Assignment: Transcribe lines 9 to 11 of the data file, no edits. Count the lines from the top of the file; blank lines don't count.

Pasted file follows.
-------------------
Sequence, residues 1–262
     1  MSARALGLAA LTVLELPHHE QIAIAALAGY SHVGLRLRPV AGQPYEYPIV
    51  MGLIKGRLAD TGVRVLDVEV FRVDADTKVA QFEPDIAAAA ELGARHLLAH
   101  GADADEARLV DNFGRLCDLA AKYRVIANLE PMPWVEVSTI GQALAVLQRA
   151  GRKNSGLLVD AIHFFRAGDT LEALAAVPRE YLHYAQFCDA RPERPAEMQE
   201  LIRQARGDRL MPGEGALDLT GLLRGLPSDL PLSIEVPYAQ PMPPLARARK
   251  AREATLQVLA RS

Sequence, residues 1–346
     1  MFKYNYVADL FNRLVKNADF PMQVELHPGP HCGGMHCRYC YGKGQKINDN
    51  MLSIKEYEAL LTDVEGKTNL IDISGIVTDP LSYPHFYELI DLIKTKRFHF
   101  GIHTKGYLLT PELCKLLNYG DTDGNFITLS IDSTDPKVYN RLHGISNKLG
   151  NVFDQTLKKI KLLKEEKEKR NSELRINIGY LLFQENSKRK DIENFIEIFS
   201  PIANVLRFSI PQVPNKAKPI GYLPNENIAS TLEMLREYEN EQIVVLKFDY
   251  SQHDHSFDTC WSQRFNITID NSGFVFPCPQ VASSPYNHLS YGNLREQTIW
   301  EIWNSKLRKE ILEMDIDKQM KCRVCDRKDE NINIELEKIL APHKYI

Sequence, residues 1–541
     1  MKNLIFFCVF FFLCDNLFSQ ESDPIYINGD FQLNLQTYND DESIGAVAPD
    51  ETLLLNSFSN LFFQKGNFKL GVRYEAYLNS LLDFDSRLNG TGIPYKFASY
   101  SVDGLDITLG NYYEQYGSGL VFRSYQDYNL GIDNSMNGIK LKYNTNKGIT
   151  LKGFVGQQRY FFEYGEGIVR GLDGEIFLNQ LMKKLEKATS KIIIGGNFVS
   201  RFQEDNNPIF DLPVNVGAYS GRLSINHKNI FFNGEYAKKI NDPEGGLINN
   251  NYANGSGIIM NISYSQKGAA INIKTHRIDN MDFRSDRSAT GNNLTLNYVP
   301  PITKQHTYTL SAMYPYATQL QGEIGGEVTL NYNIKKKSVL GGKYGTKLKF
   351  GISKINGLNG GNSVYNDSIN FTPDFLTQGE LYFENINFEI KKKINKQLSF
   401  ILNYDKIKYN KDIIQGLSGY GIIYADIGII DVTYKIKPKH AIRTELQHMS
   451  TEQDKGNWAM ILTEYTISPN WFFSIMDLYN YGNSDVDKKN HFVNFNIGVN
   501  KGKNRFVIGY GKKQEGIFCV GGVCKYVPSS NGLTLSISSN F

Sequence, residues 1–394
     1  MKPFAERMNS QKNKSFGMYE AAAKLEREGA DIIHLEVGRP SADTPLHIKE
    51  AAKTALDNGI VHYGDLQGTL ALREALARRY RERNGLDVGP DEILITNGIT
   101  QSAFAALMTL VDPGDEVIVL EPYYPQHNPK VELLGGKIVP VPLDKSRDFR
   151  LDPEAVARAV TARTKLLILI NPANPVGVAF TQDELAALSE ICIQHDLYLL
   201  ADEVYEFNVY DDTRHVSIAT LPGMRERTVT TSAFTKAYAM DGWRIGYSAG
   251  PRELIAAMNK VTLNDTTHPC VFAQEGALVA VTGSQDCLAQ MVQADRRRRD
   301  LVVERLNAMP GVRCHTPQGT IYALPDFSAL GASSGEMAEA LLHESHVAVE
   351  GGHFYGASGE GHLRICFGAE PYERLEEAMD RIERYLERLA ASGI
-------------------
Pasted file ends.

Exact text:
     1  MFKYNYVADL FNRLVKNADF PMQVELHPGP HCGGMHCRYC YGKGQKINDN
    51  MLSIKEYEAL LTDVEGKTNL IDISGIVTDP LSYPHFYELI DLIKTKRFHF
   101  GIHTKGYLLT PELCKLLNYG DTDGNFITLS IDSTDPKVYN RLHGISNKLG